Making time to get screened is a healthy habit, like all your other ones—eating well, moving your body, and being mindful! Below, check out these essential health screenings—it’s not an exhaustive list, but it’s a start!
Different countries have different age and frequency recommendations for these screenings, and every individual is different, so it’s important to talk to your health care professional to find out when these screenings are best for you.
It’s also important to remember that “screenings” are often not just used to tell if you have an illness or not. Screenings tests can detect diseases early before any symptoms show up! If something comes up in a screening test, you may benefit from easier, more effective treatment.
Who: Everyone, on a regular basis, especially those with cardiovascular (heart) risk factors
How: At your doctor’s office, or even at some drug stores
Why: High blood pressure is the biggest risk for heart disease and a significant risk for other serious conditions
Who: Everyone, on a regular basis, especially if you smoke, are overweight, or have a family history of heart disease
How: A blood test
Why: To determine the risk of heart disease
Who: Usually screening starts at the age 50, however, if you have family history, screening could start earlier
How: There are different tests, but most often your doctor will recommend doing a FOBT (Faecal occult blood test) every two years
Why: To look for hidden blood in the stool
Who: Everyone should pay attention to their mental health throughout their life and talk to a health professional if you experience symptoms
How: Keep track of changes in your appetite, sleeping patterns, loss of interest in activities that you once enjoyed, feelings of hopelessness, sadness, or anxiousness, decreased energy, or difficulty concentrating
Why: Depression can be treated
Who: If you’ve got high blood pressure, are overweight or obese, or have symptoms of diabetes like severe thirst, frequent urination, unexpected weight loss, increased hunger, or tingling in your hands and feet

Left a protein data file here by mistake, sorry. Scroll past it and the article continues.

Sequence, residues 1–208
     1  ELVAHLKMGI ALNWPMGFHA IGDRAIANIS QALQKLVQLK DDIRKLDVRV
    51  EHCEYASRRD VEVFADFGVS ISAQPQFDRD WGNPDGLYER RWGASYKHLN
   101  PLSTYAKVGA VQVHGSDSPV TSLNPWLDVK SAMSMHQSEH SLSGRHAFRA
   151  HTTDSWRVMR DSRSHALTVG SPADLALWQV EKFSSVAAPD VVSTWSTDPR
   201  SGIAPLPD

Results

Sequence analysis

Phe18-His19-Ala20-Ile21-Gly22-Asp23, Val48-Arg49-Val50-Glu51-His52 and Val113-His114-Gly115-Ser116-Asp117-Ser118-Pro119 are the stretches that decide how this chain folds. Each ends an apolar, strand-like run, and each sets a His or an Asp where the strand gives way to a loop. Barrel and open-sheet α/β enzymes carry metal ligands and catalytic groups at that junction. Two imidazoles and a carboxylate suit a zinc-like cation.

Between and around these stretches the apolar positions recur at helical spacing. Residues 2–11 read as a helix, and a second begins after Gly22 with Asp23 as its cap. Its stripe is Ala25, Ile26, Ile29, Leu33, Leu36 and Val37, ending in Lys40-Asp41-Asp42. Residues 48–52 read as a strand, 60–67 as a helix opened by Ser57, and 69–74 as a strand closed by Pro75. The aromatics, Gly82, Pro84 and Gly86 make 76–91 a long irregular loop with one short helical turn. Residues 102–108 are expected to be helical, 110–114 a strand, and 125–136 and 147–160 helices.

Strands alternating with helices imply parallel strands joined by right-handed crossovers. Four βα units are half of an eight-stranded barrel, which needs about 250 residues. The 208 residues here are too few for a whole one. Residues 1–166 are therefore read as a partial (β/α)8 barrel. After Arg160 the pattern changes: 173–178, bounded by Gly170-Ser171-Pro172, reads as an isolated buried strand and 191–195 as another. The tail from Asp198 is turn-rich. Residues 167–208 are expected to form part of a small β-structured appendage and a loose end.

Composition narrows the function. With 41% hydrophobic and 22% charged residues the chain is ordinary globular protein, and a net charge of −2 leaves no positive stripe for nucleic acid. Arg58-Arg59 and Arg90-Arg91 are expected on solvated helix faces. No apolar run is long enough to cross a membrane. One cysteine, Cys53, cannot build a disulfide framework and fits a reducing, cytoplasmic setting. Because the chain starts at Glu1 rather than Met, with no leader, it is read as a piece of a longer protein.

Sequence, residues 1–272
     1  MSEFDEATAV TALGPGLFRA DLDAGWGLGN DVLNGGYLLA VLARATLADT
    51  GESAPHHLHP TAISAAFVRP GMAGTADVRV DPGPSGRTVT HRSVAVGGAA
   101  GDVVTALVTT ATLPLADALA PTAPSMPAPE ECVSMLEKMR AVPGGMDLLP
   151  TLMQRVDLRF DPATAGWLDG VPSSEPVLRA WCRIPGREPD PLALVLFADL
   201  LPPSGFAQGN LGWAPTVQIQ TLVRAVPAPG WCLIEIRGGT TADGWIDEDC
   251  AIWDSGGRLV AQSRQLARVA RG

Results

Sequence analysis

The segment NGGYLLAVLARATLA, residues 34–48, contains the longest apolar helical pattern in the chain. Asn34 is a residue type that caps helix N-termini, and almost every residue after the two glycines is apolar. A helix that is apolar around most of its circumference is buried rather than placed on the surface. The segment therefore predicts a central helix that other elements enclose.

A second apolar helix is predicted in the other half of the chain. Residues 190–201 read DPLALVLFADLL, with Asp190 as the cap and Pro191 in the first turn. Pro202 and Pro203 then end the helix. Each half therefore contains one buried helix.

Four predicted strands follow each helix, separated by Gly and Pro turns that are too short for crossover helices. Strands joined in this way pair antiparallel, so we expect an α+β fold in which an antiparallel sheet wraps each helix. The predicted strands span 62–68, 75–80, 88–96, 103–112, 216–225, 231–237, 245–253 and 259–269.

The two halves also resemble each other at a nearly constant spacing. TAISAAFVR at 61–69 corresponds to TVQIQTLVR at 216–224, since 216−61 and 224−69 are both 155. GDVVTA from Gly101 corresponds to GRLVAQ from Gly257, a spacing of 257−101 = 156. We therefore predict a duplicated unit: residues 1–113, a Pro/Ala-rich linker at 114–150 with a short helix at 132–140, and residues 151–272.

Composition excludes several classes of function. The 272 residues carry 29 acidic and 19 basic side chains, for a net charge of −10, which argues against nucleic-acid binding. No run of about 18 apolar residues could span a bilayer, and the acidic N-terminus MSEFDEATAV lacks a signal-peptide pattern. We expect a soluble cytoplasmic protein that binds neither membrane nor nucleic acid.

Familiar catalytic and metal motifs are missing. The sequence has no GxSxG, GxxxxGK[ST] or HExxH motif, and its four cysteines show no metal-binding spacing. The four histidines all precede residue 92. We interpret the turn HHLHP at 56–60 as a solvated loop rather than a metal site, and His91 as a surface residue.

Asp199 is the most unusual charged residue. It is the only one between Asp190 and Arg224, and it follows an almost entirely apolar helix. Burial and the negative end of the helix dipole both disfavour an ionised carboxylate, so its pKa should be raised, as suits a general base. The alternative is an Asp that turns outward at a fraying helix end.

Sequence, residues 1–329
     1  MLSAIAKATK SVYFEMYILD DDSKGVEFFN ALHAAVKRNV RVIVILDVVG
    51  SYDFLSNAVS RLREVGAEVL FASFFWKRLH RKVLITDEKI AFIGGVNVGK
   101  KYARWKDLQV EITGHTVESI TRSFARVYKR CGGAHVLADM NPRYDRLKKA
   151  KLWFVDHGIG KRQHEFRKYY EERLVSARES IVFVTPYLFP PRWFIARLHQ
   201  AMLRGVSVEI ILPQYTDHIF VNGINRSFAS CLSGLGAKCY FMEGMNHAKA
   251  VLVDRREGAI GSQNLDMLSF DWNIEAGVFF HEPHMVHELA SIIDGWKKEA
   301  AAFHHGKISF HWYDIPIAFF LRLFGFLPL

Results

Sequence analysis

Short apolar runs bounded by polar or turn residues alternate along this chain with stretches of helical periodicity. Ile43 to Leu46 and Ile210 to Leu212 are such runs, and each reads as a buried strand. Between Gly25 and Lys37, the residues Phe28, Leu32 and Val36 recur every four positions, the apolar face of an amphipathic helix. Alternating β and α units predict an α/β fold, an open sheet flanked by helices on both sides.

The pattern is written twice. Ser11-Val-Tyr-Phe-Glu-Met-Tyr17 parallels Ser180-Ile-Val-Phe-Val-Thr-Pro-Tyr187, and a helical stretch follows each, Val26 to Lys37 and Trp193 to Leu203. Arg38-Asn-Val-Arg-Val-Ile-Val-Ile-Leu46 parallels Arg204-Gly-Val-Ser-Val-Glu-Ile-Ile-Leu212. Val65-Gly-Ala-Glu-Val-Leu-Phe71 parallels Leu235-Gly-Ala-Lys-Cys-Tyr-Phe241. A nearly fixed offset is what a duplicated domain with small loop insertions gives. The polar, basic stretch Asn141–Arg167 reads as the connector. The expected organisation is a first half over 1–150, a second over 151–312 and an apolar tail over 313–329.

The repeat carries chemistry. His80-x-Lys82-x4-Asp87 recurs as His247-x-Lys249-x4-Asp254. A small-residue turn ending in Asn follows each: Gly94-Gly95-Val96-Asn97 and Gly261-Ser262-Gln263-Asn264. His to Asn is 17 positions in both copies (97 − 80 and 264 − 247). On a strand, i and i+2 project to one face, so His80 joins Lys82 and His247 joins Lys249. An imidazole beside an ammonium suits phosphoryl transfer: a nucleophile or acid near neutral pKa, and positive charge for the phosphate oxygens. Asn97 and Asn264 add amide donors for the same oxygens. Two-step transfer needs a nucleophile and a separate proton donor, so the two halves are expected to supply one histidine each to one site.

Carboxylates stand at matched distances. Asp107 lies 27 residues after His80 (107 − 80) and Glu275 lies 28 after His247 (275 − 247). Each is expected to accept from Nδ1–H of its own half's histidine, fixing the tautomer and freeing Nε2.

How: A blood test
Why: Diabetes and pre-diabetes are diagnosed by measuring blood sugar levels. The good news is that if you are pre-diabetic you can change your lifestyle and prevent diabetes.
Who: If you were born between 1945 and 1965, received a blood transfusion before 1992, or ever injected drugs
How: A blood test
Why: Hepatitis C is the number one cause of liver cancer in the United States
Who: Everyone should talk to their health professional about getting screened
How: A blood test
Why: HIV attacks the body’s white blood cells, weakening the immune system
Who: Everyone should keep track of their body weight
How: At home, you can use a BMI (Body Mass Index) calculator to determine if you’re in the healthy range. If your BMI is too high, you can talk to your doctor for further assessment and treatment.
Why: Being overweight and obese can lead to serious diseases like diabetes, heart disease, some cancers, and more
Bone Density Screening
Who: Most women should start getting screened for osteoporosis around the age of 65, and men after 70—but talk to your health professional about when it’s right for you
How: A test called a DEXA scan where a low-dose X-ray machine captures images of your bones
Why: This test can help confirm a diagnosis of osteoporosis before a fracture occurs, or detect low bone mass before osteoporosis develops
Who: Everyone should examine their skin regularly for new moles, or existing moles that change
How: Scan your body and make notes/take photos for comparison. If there are any concerns or changes, talk to your health professional.
Why: Early detection of skin cancer
Men: Prostate Cancer
Who: Men should discuss this with their health care professional, but the recommendations about this screening vary greatly among health professionals, so it’s important to discuss the benefits and risks of screening
How: Usually a digital rectal exam (DRE) and a blood test
Why: Screening may detect cancer early and make it easier to treat
Men: Abdominal Aortic Aneurysm
Who: Between ages 65-75, if you’ve smoked or if your doctor thinks you’re at risk
How: An imaging test (CT scan, ultrasound, or MRI)
Why: The test looks for an aortic aneurysm—a bulge or weakening of blood vessel walls of the aorta, the blood vessel that supplies blood to the heart—which could rupture and cause fatal internal bleeding
Women: Pap Smears
Who: Women should have these done regularly from their 20s every 3 years
How: Your doctor will use a speculum to widen the vaginal canal and remove some cells from the surface
Why: Can detect abnormal cells
Who: Women should talk to their doctors about when and how often to schedule a mammogram. For lower-risk people, screenings may start in your 40s or 50s.
How: A test that involves compressing the breasts between two plates so that X-ray images can be captured
Why: Early detection of abnormal masses
We’ve mentioned only some of the screenings available, but dental, eye, and hearing exams are important, too! For more information, talk to your doctor about what’s right for you—the right tests and the right times for testing.